The Rules

Submitted into Contest #160 in response to: Set your story during a drought.... view prompt

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Fiction

This story contains sensitive content

THE RULES

NOTE: This story contains content regarding violence, mental health, self-harm, and coarse language that some may find disturbing

Imagine this. You’re trapped. It’s a room (not a prison, but it may as well be): hardwood floor, plastered ceiling, equally beige walls; you have a door and windows but you’re not allowed to use them. Well you can use them, it’s just against the rules.

The rules. They’re the only reason you’re alive. That’s what you’ve convinced yourself of anyway. At the start, when you were still sane, you wrote them on the whiteboard hanging next to your fridge. Laid them out nice and neat. 

Then you got drunk and angry one night and tore the whiteboard down and started beating it with the baseball bat you swore you’d only save for the Others. That was the first time you almost broke the rules. So, with no more whiteboard, you used your knife to carve the rules into the wall plaster.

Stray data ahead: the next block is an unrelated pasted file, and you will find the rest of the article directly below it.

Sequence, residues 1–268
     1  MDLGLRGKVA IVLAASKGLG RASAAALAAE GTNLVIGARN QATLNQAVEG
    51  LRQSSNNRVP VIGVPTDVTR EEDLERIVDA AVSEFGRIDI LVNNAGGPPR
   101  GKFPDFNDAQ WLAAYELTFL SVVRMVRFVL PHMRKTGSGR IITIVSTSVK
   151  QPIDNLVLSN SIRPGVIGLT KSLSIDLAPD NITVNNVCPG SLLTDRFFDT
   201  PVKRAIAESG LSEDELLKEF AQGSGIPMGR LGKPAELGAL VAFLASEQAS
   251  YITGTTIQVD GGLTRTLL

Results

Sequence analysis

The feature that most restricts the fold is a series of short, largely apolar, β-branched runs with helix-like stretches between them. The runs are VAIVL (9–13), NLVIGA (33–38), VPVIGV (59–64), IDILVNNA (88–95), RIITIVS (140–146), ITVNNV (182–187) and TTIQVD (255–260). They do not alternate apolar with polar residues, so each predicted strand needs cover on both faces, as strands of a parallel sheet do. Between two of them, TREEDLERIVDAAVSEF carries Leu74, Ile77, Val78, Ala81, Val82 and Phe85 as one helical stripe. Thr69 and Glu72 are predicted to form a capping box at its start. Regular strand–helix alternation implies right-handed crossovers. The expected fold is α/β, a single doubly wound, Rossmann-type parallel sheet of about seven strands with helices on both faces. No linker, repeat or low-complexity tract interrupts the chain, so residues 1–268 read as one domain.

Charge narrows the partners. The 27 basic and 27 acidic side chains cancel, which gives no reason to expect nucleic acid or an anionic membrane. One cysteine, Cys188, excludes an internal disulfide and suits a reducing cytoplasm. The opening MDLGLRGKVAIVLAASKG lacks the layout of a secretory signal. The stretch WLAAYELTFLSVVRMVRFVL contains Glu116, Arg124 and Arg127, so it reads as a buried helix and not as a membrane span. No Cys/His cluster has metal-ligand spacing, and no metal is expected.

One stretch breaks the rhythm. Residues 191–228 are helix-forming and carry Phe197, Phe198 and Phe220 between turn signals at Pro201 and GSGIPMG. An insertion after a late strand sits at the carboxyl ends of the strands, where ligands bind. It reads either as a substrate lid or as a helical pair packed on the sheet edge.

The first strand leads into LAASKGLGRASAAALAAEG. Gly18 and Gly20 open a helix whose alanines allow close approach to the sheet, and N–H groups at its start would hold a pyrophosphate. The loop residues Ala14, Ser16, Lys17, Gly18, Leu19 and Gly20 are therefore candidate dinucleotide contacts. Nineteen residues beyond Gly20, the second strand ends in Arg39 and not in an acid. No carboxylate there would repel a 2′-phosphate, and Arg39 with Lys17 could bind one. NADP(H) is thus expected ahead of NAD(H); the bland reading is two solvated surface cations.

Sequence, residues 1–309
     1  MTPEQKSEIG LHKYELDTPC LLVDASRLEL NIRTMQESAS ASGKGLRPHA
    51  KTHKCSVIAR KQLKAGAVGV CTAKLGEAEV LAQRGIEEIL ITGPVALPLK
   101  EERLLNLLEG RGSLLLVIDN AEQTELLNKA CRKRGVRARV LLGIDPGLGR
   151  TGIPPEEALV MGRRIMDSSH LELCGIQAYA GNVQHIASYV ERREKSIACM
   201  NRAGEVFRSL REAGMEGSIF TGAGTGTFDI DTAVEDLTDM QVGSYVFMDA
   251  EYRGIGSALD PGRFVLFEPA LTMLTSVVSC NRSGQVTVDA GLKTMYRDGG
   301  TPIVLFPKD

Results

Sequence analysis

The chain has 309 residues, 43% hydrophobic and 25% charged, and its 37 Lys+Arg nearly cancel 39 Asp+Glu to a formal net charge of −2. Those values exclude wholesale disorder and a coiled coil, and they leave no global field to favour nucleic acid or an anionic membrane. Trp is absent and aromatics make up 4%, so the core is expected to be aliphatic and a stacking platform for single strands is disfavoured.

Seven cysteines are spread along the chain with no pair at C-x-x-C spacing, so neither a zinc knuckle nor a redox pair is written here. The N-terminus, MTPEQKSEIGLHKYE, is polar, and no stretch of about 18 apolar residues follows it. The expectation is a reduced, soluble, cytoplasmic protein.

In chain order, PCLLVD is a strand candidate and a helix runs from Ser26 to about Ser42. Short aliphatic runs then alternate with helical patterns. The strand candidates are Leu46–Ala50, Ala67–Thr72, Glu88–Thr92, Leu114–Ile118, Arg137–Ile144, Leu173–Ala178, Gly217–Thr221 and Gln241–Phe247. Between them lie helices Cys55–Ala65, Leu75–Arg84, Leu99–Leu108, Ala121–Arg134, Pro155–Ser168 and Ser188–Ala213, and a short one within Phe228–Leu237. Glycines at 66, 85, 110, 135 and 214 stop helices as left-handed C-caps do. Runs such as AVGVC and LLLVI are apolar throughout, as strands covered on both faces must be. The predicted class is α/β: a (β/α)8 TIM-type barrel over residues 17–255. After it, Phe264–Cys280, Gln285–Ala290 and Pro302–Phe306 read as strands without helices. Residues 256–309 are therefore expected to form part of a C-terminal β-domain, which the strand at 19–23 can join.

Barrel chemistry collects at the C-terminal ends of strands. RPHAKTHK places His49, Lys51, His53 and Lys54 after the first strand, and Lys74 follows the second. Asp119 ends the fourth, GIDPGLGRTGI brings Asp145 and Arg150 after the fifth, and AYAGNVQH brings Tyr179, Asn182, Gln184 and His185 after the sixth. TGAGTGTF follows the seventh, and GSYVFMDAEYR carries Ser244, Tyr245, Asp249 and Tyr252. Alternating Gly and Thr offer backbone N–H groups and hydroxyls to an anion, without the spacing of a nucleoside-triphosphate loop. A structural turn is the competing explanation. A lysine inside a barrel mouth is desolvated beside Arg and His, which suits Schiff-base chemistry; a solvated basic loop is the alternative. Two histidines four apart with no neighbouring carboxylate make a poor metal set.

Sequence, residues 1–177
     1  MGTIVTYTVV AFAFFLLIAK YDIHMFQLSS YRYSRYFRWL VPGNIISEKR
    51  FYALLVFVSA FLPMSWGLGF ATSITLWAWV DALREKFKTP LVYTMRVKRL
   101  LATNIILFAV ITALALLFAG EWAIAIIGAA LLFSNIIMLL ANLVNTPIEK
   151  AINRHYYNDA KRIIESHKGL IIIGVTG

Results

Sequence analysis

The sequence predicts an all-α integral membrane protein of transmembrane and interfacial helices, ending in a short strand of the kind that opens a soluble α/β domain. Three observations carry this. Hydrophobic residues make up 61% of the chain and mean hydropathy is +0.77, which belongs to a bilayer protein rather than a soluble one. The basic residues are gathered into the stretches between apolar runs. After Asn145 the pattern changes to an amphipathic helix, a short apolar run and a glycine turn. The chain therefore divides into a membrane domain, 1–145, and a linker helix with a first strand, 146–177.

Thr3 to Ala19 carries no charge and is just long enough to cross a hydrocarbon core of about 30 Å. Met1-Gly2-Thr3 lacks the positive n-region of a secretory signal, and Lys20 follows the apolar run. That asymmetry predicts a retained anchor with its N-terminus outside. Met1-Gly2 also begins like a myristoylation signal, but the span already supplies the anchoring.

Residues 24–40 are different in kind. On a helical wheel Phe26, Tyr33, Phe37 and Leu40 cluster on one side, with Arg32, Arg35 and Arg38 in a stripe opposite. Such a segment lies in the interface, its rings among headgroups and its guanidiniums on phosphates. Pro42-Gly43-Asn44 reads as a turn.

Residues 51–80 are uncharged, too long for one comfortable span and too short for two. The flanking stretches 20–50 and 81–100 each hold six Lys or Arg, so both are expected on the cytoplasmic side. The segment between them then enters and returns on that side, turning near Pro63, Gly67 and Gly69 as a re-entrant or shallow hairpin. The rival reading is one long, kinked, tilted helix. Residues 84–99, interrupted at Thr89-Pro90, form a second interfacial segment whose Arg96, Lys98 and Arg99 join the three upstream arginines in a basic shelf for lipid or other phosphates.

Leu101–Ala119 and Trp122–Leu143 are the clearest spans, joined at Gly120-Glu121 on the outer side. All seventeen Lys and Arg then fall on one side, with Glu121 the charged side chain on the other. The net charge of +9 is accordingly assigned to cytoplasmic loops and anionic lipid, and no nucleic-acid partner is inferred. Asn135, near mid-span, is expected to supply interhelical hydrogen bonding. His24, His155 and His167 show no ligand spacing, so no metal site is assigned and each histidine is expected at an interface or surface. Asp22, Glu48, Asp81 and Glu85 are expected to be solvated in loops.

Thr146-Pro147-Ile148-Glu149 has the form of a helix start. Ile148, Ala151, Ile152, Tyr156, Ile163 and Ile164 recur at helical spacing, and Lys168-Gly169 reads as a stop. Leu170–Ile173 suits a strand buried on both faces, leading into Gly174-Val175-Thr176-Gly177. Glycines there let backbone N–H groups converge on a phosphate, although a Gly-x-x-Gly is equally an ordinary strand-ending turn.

At some point your canvas changed from plaster to flesh. So now you have rules six and seven carved into your forearm. They used to bleed a lot, but now they only itch. That wasn’t very smart; but then again, you don’t much care. At least you felt something.

Rule six: ‘No light after dark’

Rule seven: ‘Save the emergency box for emergencies’

You won’t forget them.

But right now you’ve forgotten them. Well, maybe not forgotten, but they're not your priority. The days are getting longer, you can see the sun setting later each night through the boards that you shoddily erected over the glass door that leads to the balcony that rule number one tells you you’re not allowed to visit.